"Blessing of the Animals": a writer, her dogs and her selves
Brenda Miller's essay collection, "Blessing of the Animals," includes the Bellingham writer's Pushcart-Prize-winning essay that taps the author's dogs as primary sources for the narrative of her life.
Special to The Seattle Times
"Blessing of the Animals"
by Brenda Miller
Eastern Washington University Press, 157 pp., $17.95
A writer of creative nonfiction who draws heavily from her own fears, weaknesses and the missteps of her past for subject matter walks a high wire between those polarized "selfs" — deprecation and absorption. Too much of either is off-putting, even if we share the same foibles. Bellingham writer Brenda Miller is a sure-footed essayist who can balance in the middle, a skill that's tough to master and even more difficult to maintain over time, as she has.
One of the clearest demonstrations of this ability, and one of Miller's best works, is "Blessing of the Animals," winner of the 2009 Pushcart Prize and the title essay of her new collection. She writes about Abbe, a 15-pound Havanese puppy, described by her vet as a "golden retriever in a dachshund suit."
This isn't a warm-fuzzy "Marley & Me" story; it's autobiography that uses dogs as primary sources the way a historian might use a packet of old letters to understand a subject's life. Sheba, the protective Great Dane of Miller's childhood and Abbe are more edifying than any artifact:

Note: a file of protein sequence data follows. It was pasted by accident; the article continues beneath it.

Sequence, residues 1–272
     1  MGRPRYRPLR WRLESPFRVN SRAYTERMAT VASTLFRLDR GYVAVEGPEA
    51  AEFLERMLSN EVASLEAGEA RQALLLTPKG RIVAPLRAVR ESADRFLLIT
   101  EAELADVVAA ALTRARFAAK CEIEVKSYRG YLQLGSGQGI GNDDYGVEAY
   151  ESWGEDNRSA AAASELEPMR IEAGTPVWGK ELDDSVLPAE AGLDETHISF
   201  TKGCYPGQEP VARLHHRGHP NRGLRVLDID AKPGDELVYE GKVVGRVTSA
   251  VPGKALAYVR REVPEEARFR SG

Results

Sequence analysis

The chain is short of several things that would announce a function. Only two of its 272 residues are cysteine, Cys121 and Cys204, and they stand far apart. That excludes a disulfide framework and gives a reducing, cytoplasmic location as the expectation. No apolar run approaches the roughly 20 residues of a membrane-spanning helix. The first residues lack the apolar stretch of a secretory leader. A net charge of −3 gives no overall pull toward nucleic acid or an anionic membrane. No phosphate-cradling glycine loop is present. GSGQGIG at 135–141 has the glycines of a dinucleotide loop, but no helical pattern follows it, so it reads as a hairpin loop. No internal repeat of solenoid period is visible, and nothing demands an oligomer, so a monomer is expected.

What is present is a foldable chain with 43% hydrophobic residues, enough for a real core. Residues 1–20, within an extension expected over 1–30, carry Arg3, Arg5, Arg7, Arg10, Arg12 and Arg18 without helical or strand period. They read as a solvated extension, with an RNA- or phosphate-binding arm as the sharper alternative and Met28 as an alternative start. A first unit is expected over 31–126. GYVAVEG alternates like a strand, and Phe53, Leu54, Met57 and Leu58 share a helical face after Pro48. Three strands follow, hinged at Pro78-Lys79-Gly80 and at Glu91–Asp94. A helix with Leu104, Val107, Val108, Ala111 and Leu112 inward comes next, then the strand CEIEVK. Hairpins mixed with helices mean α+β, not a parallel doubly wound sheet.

"And every morning, Sheba lifted her ponderous head, turned her caramel gaze on me as I woke. For those few moments — before the world rushed in to let me know its demands, to let me know I might not be up to snuff — I existed as nothing more than an object of adoration, a body to be loved." Decades later, Abbe's love is just as unwavering: "I keep my hand very still then, her nose glued to my wrist as she snuffles and sighs. The whole house goes quiet, all of us just breathing: the couch and the cat, the vase and the tulips, the mirror and the broom. All of us just here, just now, in the trance of a dog who knows nothing, yet, but grace."
When Miller takes Abbe to an unfamiliar Unitarian church for a service called "The Blessing of the Animals," she realizes a different sort of comfort from her dog. "Usually when I arrive at new places, I divert my gaze until I know what I'm supposed to do and when, who is safe to talk to and who is not." But holding Abbe, writes Miller, means she need not worry. "Most people look at her first anyway." This essay is a tough act to follow.
The other 18 are good pieces of writing, but only one worked its way into my bloodstream as thoroughly as the title piece. "Table of Figures" traces the arc of girlhood to womanhood to middle age with language so well chosen that it would be nearly impossible to cut a syllable without causing the remaining words to crumble into dust. Regret, pride, risk, caution — all the trace elements of a woman's life are gathered up, and carried carefully, bravely along that high wire.
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